PTSD can be extremely debilitating. Sufferers may become addicted to drugs or alcohol, or engage in self-harm or other self-destructive behaviors to try to cope with their negative feelings.
It’s thought that over 24 million Americans are currently suffering from PTSD and 20% of adults who have experienced some kind of traumatic event will go on to develop PTSD.
While PTSD is often a long-term mental health condition, treatment can be very effective in helping sufferers to deal with the effects. We are here for our patients, offering the best care possible, so they can go on to live a normal life, free from fear and anxiety.
What Is PTSD?
PTSD is common in military personnel and those working as first responders, law enforcement, fire fighters, ER nurses and doctors, but can also occur in anyone who has witnessed or experienced a traumatic event including:
- Sexual trauma or rape
- Physical, sexual, or emotional abuse
- Illness or death of a loved one
- Natural disasters.
It’s normal for people to find it difficult to adjust back into everyday life after experiencing trauma, but constantly reliving the event or having panic attacks and severe anxiety months later is a sign of PTSD. Sometimes the symptoms are delayed and don’t start until years after the event.
What Are the Symptoms of PTSD?
PTSD presents as feelings of extreme stress and anxiety that can make everyday life anywhere from extremely challenging to impossible.
PTSD symptoms include:
- Flashbacks and hallucinations of the traumatic event
- Panic attacks
- Difficulties sleeping
- Emotional and angry outbursts
- Avoiding people or places that remind them of the trauma
While these are classic symptoms of PTSD, not all sufferers will experience dramatic and obvious symptoms. PTSD can also cause long-term “hidden” mental health problems such as a feeling of loneliness, withdrawal from family and friends, and emotional numbness. PTSD sufferers often struggle with negative feelings and low self-esteem and may have difficulty maintaining close relationships.
PTSD symptoms are likely to be worse when under stress from everyday life and work. They can be triggered by hearing loud noises or seeing something that reminds you of the traumatic experience.
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How Is PTSD Treated?
Many sufferers of PTSD keep their condition hidden from others and end up dealing with the condition alone. This can result in them engaging in self-destructive activities and attempting to self-medicate with drugs and alcohol, which can lead to addiction.
If you think that you or someone you know might be suffering from PTSD, it’s important to seek help. PTSD symptoms can interfere with normal life and lead to a negative spiral into addiction, fear, and depression. However, with the support of others, including professionals, relief from PTSD is within reach. No one should have to live life with the anxiety and oppressive emotions that come with PTSD.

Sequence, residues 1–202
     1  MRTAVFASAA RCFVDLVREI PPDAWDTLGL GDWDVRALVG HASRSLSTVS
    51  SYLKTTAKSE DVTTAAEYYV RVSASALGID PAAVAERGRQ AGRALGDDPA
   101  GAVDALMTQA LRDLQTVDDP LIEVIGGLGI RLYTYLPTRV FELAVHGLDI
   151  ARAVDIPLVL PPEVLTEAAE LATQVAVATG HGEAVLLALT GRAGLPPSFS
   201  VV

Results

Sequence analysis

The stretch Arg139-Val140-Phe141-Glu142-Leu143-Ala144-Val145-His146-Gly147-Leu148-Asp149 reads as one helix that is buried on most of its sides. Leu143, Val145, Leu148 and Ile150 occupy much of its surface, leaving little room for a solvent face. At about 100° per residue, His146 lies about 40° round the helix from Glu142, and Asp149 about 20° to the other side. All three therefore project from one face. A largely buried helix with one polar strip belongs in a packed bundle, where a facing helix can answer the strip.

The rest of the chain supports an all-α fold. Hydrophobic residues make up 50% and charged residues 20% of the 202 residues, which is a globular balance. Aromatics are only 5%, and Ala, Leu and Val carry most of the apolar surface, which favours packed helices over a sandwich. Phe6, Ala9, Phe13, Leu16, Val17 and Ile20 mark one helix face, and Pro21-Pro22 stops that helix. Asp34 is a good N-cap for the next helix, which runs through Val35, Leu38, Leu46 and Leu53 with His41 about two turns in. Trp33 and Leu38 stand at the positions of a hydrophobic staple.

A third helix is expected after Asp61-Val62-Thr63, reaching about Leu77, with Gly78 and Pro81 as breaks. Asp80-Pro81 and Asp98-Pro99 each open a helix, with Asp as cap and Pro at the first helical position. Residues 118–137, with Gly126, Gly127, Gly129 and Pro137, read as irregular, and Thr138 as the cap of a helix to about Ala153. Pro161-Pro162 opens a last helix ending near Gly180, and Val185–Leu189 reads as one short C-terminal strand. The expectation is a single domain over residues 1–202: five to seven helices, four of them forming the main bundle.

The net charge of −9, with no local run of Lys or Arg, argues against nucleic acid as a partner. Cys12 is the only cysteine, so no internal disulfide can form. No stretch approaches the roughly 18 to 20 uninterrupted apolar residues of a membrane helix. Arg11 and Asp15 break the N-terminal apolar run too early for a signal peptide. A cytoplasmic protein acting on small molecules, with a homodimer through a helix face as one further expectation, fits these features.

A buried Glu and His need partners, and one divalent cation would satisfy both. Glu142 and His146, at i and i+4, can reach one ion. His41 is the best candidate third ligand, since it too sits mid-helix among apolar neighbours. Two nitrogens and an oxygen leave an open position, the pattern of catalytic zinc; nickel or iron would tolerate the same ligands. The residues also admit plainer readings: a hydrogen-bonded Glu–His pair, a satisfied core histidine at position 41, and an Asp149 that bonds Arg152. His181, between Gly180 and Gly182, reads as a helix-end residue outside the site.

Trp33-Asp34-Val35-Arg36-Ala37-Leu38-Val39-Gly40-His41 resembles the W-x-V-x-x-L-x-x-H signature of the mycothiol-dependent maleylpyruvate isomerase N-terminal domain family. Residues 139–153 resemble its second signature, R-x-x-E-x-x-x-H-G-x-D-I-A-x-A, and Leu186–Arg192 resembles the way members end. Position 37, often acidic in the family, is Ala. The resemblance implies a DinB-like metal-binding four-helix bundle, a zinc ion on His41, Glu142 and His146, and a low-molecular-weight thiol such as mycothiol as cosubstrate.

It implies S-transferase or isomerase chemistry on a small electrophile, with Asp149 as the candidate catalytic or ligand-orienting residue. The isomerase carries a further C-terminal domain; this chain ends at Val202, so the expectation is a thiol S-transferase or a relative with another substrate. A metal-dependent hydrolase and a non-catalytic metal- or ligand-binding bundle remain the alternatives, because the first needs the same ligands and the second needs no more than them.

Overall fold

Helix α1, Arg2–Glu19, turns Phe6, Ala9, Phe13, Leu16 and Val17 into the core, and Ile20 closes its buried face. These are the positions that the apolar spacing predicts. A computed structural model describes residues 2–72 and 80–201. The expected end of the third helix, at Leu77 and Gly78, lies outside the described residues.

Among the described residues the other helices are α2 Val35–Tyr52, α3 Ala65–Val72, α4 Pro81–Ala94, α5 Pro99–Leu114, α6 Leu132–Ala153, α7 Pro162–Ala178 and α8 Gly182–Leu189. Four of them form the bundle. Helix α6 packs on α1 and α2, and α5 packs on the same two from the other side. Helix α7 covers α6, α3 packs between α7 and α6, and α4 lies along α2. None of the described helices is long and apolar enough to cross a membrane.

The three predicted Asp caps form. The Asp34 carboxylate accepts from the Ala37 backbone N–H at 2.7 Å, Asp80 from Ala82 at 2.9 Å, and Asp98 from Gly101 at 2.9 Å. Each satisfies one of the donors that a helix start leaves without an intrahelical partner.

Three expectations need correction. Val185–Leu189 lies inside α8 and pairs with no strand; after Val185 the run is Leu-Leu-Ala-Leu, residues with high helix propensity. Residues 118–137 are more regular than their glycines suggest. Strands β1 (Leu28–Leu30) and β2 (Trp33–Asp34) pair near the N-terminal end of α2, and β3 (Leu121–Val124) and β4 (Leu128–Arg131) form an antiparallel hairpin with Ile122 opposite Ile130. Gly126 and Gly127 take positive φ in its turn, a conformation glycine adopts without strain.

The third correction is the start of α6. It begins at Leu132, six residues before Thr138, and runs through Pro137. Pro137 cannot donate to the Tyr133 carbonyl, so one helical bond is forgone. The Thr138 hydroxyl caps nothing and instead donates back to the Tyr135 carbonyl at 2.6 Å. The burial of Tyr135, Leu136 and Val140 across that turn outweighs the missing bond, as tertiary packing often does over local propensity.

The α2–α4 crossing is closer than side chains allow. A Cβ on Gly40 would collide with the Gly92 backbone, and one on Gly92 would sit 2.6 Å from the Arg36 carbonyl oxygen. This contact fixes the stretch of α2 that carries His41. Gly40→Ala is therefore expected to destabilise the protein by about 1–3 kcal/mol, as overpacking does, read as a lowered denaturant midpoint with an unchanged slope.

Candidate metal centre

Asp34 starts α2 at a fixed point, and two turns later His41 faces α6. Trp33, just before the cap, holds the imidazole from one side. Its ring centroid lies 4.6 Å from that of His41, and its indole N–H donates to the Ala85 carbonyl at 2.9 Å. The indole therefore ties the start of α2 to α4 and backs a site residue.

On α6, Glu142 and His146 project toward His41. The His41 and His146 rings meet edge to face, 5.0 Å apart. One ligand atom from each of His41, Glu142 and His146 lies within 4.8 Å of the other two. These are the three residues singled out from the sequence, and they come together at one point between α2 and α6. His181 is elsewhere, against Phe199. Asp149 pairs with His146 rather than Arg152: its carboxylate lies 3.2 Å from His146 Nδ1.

PTSD treatment may involve several different types of therapy and medication, depending on the individual:
- Relaxation therapies such as massage and yoga
- Individual or group counseling
- Cognitive behavior therapy (CBT) and Cognitive processing therapy (CPT) – talking through the trauma with a trained therapists and actively changing thought patterns and behavior
- Exposure therapy – facing frightening situations and memories to learn effective coping mechanisms
- Eye Movement Desensitization and Reprocessing – exposure therapy combined with guided eye movements
- Medication such as SSRIs and SNRIs (commonly used to treat anxiety and depression)
Residential In-Patient Treatment for PTSD
Residential treatment can be helpful for helping PTSD sufferers to deal with their condition, especially if it’s combined with alcoholism, drug abuse, or other mental disorders. At A Step In The Right Direction we provide a safe, compassionate environment to treat PTSD, along with any other issues, knowing that each and every one of our patients’ has a unique set of past experiences and individual needs for healing and recovery.
Stress can trigger PTSD symptoms or make them worse, so taking some time out from the stresses of everyday life to focus on your recovery in a fully supportive and safe trigger-free environment can be very effective.
If you’re considering residential in-patient treatment, look for a JCAHO certified rehab center like ours to ensure the highest standards of care and the best chance of long-term recovery. Facilities with Joint Commission accreditation are inspected and evaluated regularly to ensure they are meeting the highest standards for rehabilitation.
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